Written By Chris Sias
Photography By Adrian Llaguno
To rise like a phoenix from the ashes means to emerge from a catastrophe stronger, smarter, and better for it. This expression is based on a story that goes back thousands of years. The phoenix is a mythical bird from Greek mythology. It was a feathered creature of great size with talons and wings, its plumage radiant and beautiful. The phoenix lived for 500 years before it built its own funeral pyre, burst into flame, and died, consumed in its own fiery inferno. Soon after, the mythical creature rose out of the ashes, in a transformation from death to life.
The story of the Phoenix is an appropriate metaphor for this project. After a devastating fire destroyed their previous residence, the owners decided that their new home would rise from the literal ashes of the previous. Not coincidentally, the new structure’s footprint shares much of the footprint of the previous, but that is where the similarities end. The house is situated along an arroyo and as such, every design decision made, takes the water into consideration. The result is a spatial arrangement that takes full advantage of the views of the water. The layout takes a cue from the past and recalls the idea of the “piano nobile” (noble floor) from classical Italian architecture. The piano nobile is the principal floor of a substantial house. It is typically located on what less-noble people (like me), refer to simply, as the second floor. (The classical Italian ground floor was reserved for more utilitarian, service-oriented, purposes and not entertaining).
Appropriately, the execution of this home is not a clas-sical architectural revival piece; however, this nod to classical architecture was the single most important design decision and drives the overall form and function of the entire structure. Arranging the primary entertainment and living spaces above the first floor elevates the views above the tree line and gives the house a strong visual connection to the water. The ground level features more of the private and utility spaces such as guest bedrooms, a media room and laundry room. The use of dark clay brick at ground level contrasts the light plaster above, reinforcing the idea of a light upper story with a solid base, and “grounds” the building to the ashes storey from which it came. The floor plan is stretched parallel to the arroyo maximizing opportunities to connect the interior spaces with views of the water.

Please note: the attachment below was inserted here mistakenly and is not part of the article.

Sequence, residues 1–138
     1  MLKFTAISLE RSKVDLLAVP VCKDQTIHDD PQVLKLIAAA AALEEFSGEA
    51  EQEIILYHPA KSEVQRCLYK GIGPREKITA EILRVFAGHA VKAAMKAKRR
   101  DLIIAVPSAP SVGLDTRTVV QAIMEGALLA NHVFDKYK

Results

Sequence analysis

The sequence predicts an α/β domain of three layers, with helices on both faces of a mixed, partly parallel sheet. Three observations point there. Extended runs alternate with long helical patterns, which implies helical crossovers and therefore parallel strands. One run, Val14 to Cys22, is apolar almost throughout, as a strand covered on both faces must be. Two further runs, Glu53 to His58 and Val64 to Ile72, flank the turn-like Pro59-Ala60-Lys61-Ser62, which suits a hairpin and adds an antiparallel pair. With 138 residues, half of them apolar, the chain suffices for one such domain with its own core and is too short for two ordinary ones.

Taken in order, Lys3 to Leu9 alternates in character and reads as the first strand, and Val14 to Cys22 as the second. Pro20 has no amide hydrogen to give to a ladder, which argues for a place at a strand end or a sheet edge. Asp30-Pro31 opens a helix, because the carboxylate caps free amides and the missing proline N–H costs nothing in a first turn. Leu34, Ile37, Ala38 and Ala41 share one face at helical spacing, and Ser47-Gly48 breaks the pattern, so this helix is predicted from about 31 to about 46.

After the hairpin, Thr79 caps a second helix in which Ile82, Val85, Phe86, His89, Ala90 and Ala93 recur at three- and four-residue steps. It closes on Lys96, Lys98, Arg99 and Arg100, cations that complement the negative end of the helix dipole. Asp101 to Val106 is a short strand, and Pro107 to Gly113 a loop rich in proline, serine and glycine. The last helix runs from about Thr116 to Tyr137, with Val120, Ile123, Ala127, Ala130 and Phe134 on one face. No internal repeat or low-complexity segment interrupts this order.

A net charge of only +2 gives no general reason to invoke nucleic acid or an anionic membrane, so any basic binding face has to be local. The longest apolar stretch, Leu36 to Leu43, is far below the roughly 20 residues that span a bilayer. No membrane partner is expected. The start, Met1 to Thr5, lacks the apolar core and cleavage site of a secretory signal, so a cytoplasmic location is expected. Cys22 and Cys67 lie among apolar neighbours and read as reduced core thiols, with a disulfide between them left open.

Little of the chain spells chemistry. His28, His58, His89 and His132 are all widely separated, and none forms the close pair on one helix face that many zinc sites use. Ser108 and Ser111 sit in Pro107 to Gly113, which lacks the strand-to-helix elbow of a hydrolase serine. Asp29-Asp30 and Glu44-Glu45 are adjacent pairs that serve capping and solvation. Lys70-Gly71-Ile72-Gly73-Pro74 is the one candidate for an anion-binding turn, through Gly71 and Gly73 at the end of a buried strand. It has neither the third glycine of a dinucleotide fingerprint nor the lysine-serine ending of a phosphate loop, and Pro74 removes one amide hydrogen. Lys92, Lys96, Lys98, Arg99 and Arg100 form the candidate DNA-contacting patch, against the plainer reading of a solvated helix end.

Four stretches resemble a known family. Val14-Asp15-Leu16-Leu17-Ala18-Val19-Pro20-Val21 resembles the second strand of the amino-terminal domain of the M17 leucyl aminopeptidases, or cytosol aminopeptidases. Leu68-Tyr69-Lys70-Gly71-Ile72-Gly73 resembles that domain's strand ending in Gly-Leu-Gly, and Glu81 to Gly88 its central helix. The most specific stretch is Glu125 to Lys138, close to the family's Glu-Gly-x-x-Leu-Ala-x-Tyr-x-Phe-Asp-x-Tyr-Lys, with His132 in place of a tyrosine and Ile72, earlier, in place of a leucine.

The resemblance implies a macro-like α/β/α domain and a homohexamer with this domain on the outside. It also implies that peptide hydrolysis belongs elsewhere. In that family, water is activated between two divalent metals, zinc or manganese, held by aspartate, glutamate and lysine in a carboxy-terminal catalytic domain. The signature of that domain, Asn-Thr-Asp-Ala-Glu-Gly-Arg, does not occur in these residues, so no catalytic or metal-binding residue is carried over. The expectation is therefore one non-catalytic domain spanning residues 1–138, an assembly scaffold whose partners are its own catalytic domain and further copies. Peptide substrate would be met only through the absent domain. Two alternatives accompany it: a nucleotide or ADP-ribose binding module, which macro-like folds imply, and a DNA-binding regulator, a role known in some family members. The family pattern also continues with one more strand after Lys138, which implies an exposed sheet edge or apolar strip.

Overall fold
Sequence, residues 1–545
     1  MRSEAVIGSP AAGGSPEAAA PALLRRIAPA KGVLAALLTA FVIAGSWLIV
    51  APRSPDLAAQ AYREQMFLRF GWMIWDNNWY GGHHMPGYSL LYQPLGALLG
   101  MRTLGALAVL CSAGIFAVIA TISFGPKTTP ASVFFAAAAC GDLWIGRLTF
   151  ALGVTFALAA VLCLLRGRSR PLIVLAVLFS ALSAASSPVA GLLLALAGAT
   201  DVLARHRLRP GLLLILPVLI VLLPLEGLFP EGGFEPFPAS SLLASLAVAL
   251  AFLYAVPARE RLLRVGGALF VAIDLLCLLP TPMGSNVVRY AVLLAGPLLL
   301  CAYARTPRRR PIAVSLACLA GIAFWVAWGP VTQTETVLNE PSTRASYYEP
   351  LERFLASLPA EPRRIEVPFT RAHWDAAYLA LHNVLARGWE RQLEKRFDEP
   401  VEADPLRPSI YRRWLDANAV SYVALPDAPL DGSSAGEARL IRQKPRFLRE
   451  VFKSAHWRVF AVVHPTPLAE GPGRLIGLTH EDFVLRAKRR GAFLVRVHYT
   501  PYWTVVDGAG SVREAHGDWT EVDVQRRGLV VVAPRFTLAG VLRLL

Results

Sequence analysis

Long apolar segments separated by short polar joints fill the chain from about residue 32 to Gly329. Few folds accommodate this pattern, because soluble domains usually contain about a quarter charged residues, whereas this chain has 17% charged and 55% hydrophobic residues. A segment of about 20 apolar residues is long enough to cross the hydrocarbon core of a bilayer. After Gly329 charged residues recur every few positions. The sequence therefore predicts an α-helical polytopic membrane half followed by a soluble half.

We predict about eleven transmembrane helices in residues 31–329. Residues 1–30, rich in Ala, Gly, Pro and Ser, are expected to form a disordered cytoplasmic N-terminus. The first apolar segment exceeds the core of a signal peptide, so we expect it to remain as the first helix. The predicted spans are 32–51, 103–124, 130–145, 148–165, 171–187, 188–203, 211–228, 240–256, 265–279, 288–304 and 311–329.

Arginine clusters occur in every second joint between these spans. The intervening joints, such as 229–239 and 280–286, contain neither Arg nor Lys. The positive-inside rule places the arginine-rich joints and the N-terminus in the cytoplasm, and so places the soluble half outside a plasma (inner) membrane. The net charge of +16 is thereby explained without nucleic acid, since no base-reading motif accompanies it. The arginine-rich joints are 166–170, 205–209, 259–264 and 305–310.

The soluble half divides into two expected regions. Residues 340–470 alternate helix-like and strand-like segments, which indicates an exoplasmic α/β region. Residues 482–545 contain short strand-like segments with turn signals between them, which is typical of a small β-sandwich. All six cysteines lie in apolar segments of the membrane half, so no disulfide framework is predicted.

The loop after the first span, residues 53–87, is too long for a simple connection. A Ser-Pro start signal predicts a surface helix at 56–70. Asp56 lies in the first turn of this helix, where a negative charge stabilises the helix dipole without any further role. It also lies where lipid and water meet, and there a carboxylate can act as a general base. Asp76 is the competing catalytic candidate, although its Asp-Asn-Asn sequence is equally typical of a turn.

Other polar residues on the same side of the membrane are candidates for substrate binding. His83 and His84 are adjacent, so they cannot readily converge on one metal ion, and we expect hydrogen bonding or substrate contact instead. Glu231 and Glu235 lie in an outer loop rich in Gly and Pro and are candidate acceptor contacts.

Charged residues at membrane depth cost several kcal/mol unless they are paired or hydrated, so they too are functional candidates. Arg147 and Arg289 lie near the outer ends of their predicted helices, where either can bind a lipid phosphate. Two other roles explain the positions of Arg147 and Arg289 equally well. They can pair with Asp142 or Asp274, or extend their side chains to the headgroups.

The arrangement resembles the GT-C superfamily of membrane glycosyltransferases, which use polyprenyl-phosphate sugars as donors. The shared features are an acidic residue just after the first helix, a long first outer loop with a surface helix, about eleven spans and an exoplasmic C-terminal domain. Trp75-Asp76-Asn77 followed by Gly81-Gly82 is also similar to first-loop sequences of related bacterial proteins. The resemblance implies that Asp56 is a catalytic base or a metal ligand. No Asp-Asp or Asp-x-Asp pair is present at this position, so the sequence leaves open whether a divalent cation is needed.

Though classical ideas inspired the spatial arrangement of the home, this piece of architecture is definitely of its time and place. This is a 21st century home, built with 21st century tech-nology, located in the Rio Grande Valley and does not pretend to be anything less. The selection and arrangement of exterior elements is modern yet restrained, and the selection of the finish materials is done with regional considerations such as the hand fabricated copper panels on the main entry façade, and the masonry screen wall along the east side of the house. The copper will be allowed to develop patina naturally over time and will be a testament to its place as it naturally ages along the banks of the arroyo. The masonry screen wall is of a type of masonry construction that pays homage to the regionalism of the Rio Grande Valley. Continuing along the east side, large expanses of glass capture the views and make a strong con-nection to the water and outdoors. The hurricane-rated, and impact resistant glass is shielded from the hot Texas sun by a deep roof overhang.